In 2004, Michael Clemens, Todd Moss, and I wrote a paper on the Millennium Development Goals. It made a lot of forecasts about development trends, aid flows, and political fallout from the goal-setting exercise over the next 11 years. As the MDGs wind up, it is worth comparing the forecasts and hopes in our paper to the results in the latest UN MDG progress report and the World Bank MDG progress status report, as well as subsequent analysis of outcomes and impacts.
How did we do? The short answer: pretty strong on forecasting development trends, less strong on forecasting political fallout, and terrible on our wish list for a next round of goals.
Prediction: Nearly four years after setting the MDGs, it appears that the global goal of halving poverty may soon be reached because of rapid progress by the two population giants of India and China.… However, it appears almost certain that the majority of developing countries will not meet the country level poverty targets set by the Millennium Declaration nor many of the other goals.… A substantial majority of countries will likely reach [the MDG target of gender equality] by 2015.... It may be that progress in meeting some of the other MDGs — perhaps in particular halting the spread of HIV/AIDS, reversing the incidence of malaria and halving the proportion of people without sustainable access to drinking water and sanitation — could in fact be rapid enough to meet the MDG timetable.
Outcome: too negative on poverty? We were right that the goal of halving poverty would be met — in fact the global reduction in poverty from 1990 to 2015 might be as large as two-thirds. Current status as reported by the World Bank is that 49 percent of countries are known to have achieved the target and ‘sufficient progress’ has been made in another 8 percent to suggest the target will be met by end-2015.
Outcome: about right on most of the rest. According to World Bank data, considerably less than half of the countries with data are on track to reach the undernourishment, primary completion, infant and under-five mortality, and maternal mortality targets. Fifty-three percent of countries have met or are on track to meet the gender parity goal, 49 percent are on track to meet the water goal, and 30 percent the sanitation goal. For child mortality, progress has been notably faster during the MDG period than it was previously. For other health and education targets there is little evidence of a significant trend break since 2000.
Prediction: Some whole regions, especially sub-Saharan Africa, will miss [the goals] by a wide margin.
Outcome: correct. According to the United Nations, the sub-Saharan region has not achieved the poverty, nutrition, health, education, water, or sanitation targets.
Prediction: The idea that “$50 billion more in aid is needed to achieve the MDGs” ignores that “the role for increased financing to accelerate trends has a limit.”
Outcome: broadly correct. ODA flows had stagnated at around $80 billion in the mid-1990s but the 2000s saw a significant increase — up to $127 billion in 2010. But there is no obvious link between more rapid progress in MDG target areas and more aid flows. And one prominent author of an original ‘MDG costing study’ has recanted on the whole exercise. That’s not to say aid didn’t work — progress might well have been slower without it, and much aid went to other priorities than meeting the MDGs. It is to say there were clearly other barriers than simply ‘more money.’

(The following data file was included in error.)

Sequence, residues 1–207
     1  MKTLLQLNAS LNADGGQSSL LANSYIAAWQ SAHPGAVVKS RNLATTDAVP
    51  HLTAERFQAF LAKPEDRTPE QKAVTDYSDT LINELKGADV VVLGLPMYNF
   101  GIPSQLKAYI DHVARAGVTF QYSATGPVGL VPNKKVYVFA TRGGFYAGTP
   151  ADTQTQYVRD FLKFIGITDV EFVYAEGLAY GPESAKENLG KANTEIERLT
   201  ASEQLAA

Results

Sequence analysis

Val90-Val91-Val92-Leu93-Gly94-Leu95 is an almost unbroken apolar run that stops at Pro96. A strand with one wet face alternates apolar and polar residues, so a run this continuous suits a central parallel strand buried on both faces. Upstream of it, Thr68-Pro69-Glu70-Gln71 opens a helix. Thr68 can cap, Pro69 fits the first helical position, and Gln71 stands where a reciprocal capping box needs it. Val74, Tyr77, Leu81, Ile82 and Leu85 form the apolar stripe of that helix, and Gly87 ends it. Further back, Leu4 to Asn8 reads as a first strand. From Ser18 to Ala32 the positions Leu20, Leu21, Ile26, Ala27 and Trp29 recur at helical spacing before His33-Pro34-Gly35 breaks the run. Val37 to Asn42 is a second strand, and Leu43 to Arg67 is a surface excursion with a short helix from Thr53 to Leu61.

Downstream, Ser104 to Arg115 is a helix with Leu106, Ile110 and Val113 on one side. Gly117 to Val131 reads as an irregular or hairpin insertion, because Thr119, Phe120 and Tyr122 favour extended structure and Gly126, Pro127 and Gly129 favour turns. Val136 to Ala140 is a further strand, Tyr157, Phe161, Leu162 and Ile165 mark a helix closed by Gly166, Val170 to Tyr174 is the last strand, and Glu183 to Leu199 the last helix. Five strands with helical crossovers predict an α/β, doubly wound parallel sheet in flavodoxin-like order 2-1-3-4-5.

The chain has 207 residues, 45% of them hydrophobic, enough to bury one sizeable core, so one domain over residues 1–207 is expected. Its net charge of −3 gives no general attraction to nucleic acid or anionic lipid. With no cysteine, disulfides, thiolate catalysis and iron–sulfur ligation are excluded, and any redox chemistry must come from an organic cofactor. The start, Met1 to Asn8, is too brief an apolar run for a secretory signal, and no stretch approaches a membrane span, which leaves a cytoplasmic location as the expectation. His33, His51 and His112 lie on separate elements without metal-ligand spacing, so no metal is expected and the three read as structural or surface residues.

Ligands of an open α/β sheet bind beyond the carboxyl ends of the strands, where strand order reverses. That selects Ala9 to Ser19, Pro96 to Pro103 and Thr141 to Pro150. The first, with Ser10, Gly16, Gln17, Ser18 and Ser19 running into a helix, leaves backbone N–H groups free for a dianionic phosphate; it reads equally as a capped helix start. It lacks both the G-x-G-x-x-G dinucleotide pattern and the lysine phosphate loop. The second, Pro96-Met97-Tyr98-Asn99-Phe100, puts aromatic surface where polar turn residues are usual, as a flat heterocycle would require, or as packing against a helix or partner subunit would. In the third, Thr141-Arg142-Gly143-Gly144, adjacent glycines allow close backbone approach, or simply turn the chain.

Prediction: the specific targets of the MDGs have set up many countries for unavoidable ‘failure.’ Some governments pursuing wise policies and making historically encouraging progress on development indicators could be weakened or delegitimized by the label of ‘failure’ in 2015.… Another potential downside is the possibility for adding to donor fatigue and distracting recipient countries from much-needed domestic reforms.
Outcome: broadly incorrect. Regarding domestic policy, there’s not too much evidence of change. But that was the likely outcome in any case. On deligitimization, the concern of setting countries up for failure was widespread in the mid-2000s (see, for example, this by Bill Easterly). But despite (i) the world and most countries missing most targets; (ii) limited evidence of faster progress since 2000 in the majority of target areas and (iii) even less evidence of a causal relationship between the creation of the MDGs and the more rapid progress we’ve seen, the narrative around the MDGs is that they have been a huge success. “The MDGs helped to lift more than one billion people out of extreme poverty, to make inroads against hunger, to enable more girls to attend school than ever before and to protect our planet,” suggests Ban Ki-moon, for example. And ODA has survived the 2008 financial crisis and its aftermath better than many feared. Perhaps it makes sense that a bunch of economist types would do better at predicting trends and aid impact than political fallout.
Hope: The next round of goals should: (a) be country-specific and flexible, more like today’s IDA targets; (b) take historical performance into account; (c) focus more on intermediate targets than outcomes; (d) be considered benchmarks to spur action in cases where assistance is not working, rather than technically feasible goals.
Reality: hopes dashed. The Sustainable Development Goals are larded with global zero goals, many outside historical precedent and are nonetheless presented as feasible.
For all of that, in 2004 we were worried that the MDGs might end up being a negative for global development. Today, I think that the evidence is at least consistent with a story that has them being a marginally positive force. That marginal positive at a global level could involve many millions of lives saved or improved. I hope, for all of their problems, the SDGs do as well.